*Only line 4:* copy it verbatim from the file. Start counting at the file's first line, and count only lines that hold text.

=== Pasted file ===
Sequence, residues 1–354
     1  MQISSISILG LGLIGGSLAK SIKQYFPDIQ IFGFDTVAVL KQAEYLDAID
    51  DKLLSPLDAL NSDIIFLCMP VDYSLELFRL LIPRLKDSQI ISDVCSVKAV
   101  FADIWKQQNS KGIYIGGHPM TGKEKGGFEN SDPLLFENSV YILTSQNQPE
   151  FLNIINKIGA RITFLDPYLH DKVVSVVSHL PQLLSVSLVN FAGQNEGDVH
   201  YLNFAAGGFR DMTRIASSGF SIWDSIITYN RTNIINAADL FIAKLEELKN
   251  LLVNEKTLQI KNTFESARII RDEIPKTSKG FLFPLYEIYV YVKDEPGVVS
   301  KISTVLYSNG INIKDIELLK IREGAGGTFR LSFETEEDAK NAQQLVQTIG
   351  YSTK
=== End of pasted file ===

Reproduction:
   101  FADIWKQQNS KGIYIGGHPM TGKEKGGFEN SDPLLFENSV YILTSQNQPE